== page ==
A lawsuit recently filed against the Ahwatukee Recreation Center (ARC) has been dismissed but the man behind the suit says it’s just the beginning. His ultimate goal is to make membership to the ARC voluntary for all homeowners within the community.
Thunder defensive back Will Barfield (2) attempts to intercept the ball from Bobcats wide receiver Cody Carpenter (31) during the football game between Desert Vista Thunder and Cienega Bobcats at Desert Vista on Friday, Sept. 27, 2013.
Parenting involves countless mundane decisions — dozens a day. But as any parent knows, the potential for tragedy stemming from a wrong decision is never far from the surface of the mind. What if they go out and get hit by a car? What if I look away and they drown in the current? What if they get kidnapped?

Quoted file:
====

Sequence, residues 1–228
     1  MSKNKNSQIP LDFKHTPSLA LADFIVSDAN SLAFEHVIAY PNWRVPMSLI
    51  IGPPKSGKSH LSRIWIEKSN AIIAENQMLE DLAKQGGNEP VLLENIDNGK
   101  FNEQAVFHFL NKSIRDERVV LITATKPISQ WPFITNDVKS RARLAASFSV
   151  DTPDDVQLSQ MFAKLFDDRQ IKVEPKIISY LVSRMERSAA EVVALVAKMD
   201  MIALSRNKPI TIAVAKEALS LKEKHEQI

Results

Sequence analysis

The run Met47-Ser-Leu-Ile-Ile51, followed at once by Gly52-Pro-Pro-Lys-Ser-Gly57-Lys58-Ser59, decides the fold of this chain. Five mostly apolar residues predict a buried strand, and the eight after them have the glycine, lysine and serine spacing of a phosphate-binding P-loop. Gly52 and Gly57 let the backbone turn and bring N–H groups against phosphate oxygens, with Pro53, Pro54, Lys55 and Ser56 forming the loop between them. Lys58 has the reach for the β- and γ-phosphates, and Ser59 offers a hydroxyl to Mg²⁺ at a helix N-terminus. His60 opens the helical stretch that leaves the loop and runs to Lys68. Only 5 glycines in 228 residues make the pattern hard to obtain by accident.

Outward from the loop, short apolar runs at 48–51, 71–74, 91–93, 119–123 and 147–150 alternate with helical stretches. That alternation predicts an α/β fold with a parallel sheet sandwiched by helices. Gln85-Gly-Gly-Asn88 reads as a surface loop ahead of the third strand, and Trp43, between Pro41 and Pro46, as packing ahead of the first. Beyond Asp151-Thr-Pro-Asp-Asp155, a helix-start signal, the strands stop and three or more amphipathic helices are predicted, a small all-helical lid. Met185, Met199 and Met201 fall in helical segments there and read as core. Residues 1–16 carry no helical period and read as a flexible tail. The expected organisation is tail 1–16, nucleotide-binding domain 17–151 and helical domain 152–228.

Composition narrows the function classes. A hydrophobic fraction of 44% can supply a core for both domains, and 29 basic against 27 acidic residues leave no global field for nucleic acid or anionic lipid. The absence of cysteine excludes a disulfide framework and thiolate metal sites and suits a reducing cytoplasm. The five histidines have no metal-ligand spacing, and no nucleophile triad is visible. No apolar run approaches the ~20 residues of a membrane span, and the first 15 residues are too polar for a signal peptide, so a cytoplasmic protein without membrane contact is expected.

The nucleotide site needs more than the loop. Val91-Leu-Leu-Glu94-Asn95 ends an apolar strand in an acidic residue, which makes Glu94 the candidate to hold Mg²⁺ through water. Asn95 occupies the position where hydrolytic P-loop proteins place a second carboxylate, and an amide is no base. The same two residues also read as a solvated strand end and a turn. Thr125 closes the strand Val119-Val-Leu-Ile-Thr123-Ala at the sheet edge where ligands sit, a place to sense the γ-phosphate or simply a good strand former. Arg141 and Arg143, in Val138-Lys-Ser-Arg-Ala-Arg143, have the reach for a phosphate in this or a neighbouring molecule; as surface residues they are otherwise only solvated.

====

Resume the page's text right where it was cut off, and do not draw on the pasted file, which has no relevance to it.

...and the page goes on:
Arizona Cardinals kicker Dan Carpenter (2) has his field goal blocked against the San Diego Chargers during the first half of a preseason NFL football game, Saturday, Aug. 24, 2013, in Glendale, Ariz. (AP Photo/Matt York)
In this Monday, Oct. 1, 2012 file photo carpenter Nick Rossi, of Newton, Mass., a contractor who does home remodeling and renovations, uses a hammer while completing a door installation at a home in Watertown, Mass. Spending on home remodeling has picked up and is expected to rise nearly 20 percent to $151 billion by the fourth quarter of 2013, according to a recent report by the Joint Center for Housing Studies at Harvard University. (AP Photo/Steven Senne, File)